What a sad day at “The Good Wife,” huh good-wifers? Diane has a court victory, but that’s the only good thing happening at the moment, as Kalinda gets deeper into trouble, Alicia and the firm she started have a complicated misunderstanding, and Alicia reaches a crossroads with seemingly no options for the future.
First, the good news: Diane works to protect an elderly woman who had sent a package of ecstasy tablets in the mail and, because of the number of pills she had sent, faces a mandatory maximum sentence of 6 to 30 years. R.D. (Oliver Platt) joins in for a while, because mandatory maximum sentencing is one of those across-the-aisle political issues where both sides agree it’s a failed policy that should be abolished. (What? There’s actually something the two sides agree on?) R.D. wants to use a different suit as a test case, because grandmas are not as relatable as white men (whatever, dude), but Diane insists on taking the case anyway. Fortunately, after trying unsuccessfully to prove that the woman is an addict so she can go to rehab instead of jail, Diane discovers (with Kalinda’s help) that the pills were cut in half, so there were only half as many as they thought there were. That brings the number low enough to not require mandatory maximum sentencing, and the judge declares that the woman’s 6 months probation has already been served.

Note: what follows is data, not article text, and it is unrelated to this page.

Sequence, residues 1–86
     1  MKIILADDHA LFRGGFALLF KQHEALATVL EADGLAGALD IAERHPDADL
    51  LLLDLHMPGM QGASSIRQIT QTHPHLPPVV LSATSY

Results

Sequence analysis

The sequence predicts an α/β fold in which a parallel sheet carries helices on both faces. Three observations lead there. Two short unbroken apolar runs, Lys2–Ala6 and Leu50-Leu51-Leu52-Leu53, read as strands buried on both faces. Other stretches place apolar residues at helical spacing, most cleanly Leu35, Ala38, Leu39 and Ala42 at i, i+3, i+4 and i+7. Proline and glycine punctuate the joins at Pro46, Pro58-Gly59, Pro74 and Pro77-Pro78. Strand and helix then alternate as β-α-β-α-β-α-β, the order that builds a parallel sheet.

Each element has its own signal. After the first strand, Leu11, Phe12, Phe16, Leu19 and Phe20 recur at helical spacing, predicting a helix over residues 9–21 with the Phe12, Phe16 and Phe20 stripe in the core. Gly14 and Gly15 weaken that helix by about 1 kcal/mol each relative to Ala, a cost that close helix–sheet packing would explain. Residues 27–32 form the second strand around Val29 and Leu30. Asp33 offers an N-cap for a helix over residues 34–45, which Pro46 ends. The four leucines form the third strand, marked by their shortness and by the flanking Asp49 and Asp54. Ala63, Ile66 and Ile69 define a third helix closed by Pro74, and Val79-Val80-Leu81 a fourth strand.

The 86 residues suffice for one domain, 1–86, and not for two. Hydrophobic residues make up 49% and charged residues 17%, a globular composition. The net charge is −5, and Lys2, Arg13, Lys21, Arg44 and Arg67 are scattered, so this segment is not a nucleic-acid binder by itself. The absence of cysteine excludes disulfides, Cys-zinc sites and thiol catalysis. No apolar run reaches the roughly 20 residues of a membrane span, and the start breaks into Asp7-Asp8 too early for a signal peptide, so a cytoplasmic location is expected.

The episode starts off with a familiar scene, as they recreate the opening moments of the series: Peter and Alicia stand at the podium while the press frantically snaps photos. The difference this time is that Alicia’s the one caught in a scandal and addressing the public, and Peter is standing dutifully beside her. She again pauses as they walk down the hall after the speech, but she’s the one who was (figuratively) slapped in the face.
Poor Alicia is forced to decline the office of State’s Attorney, despite her hard work and clean campaign, because of the events in last week’s upsetting episode. She’s questioning what to do with her life now. Fortunately, there seems to be a chance she can return as a named partner to the law firm she started, despite their now being called Lockhart, Agos, & Lee.
What a relief for Alicia, and she lets out a big gasp. The problem occurs later, when she receives a call from a client who says that Diane told him Alicia was not returning to the firm. Alicia now thinks Diane and Cary were playing her and don’t have any intention of bringing her back. On Peter’s suggestion, Alicia decides to return to the office to void her exit package, but use the money to start her own firm.
Alicia, with her representative Finn, return to the office to discuss it, and Diane, Cary, and David suspect she’s up to something (as she is). But it turns out they really do want Alicia to come back (at least Cary and Diane do; David, not as much). But now they’re annoyed that she’s playing them and trying to poach their clients. And I’m annoyed that they’re going to continue a frustrating misunderstanding instead of talking to each other about it and easily solving the problem.
Fortunately, Kalinda comes to the rescue. She tells Alicia about the misunderstanding and says to speak to Diane about it. Diane and Cary agree to take Alicia back—until R.D. says he’ll drop the firm if she does. Alicia is damaged goods now, and no one will work with her after her scandal.
Kalinda is doing a fair bit of rescuing and trying to make amends, yet simultaneously getting herself deeper in trouble. She agrees to provide Geneva Pine with damaging intel against Lemond Bishop, as long as she doesn’t have to testify and Geneva leaves Cary and Diane out of it. It’s very kind and selfless, at least to the people she cares about.